Marx's 'Das Kapital' cannot be put into a box marked "economics." It is a work of politics, history, economics, philosophy and even in places, literature (yes Marx's style is that rich and evocative). Marx's 'Das Kapital' For Beginners is an introduction to the Marxist critique of capitalist production and its consequences for a whole range of social activities such as politics, media, education and religion. 'Das Kapital' is not a critique of a particular capitalist system in a particular country at a particular time. Rather, Marx's aim was to identify the essential features that define capitalism, in whatever country it develops and in whatever historical period. For this reason, Das Kapital is necessarily a fairly general, abstract analysis. As a result, it can be fairly difficult to read and comprehend. At the same time, understanding Das Kapital is crucial for mastering Marx's insights to capitalism.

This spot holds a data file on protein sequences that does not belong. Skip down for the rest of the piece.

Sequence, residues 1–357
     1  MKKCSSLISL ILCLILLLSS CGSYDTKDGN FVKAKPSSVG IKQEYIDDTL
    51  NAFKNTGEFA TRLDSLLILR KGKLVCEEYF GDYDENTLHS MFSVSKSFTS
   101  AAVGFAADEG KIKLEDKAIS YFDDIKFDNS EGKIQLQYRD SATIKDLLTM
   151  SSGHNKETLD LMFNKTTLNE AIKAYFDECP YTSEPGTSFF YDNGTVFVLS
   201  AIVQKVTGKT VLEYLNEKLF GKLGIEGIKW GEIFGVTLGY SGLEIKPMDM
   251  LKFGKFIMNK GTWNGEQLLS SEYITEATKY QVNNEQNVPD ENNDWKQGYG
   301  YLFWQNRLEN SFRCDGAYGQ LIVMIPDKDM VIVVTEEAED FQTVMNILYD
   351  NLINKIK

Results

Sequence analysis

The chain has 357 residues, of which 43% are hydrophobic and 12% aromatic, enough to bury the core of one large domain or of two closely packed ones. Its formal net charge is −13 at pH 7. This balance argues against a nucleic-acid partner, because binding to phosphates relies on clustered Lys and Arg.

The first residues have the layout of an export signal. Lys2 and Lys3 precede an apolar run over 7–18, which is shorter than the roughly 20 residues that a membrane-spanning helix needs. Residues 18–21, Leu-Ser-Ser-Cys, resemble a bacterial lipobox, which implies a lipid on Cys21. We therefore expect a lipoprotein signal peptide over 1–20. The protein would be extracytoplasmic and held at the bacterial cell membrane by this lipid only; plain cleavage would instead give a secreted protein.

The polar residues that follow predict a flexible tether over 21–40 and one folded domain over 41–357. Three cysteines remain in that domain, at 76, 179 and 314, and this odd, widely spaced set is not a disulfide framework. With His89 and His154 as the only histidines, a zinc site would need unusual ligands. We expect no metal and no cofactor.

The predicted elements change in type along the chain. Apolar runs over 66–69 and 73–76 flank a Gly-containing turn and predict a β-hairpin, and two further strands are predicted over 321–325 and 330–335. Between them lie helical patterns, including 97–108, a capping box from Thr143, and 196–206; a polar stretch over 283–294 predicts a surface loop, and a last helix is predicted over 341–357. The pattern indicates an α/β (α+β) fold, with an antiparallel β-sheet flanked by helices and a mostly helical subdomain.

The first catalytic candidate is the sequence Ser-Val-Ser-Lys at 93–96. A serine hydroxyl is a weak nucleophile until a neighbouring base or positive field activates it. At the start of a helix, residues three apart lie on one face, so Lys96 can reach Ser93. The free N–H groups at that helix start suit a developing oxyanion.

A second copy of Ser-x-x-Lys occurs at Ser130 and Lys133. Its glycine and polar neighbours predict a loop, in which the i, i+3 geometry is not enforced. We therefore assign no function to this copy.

Marx's 'Das Kapital' For Beginners offers an accessible path through Marx's arguments and his key questions: What is commodity? Where does wealth come from? What is value? What happens to work under capitalism? Why is crisis part of capitalism's DNA? And what happens to our consciousness, our very perceptions of reality and our ways of thinking and feeling under capitalism? Understanding and learn from Marx's work has taken on a fresh urgency as questions about the sustainability of the capitalist system in today's global economy intensify.
About the Author
Michael Wayne is a Professor in Screen Media at Brunel University in London. He has written widely on Marxist cultural theory, film, television and the media.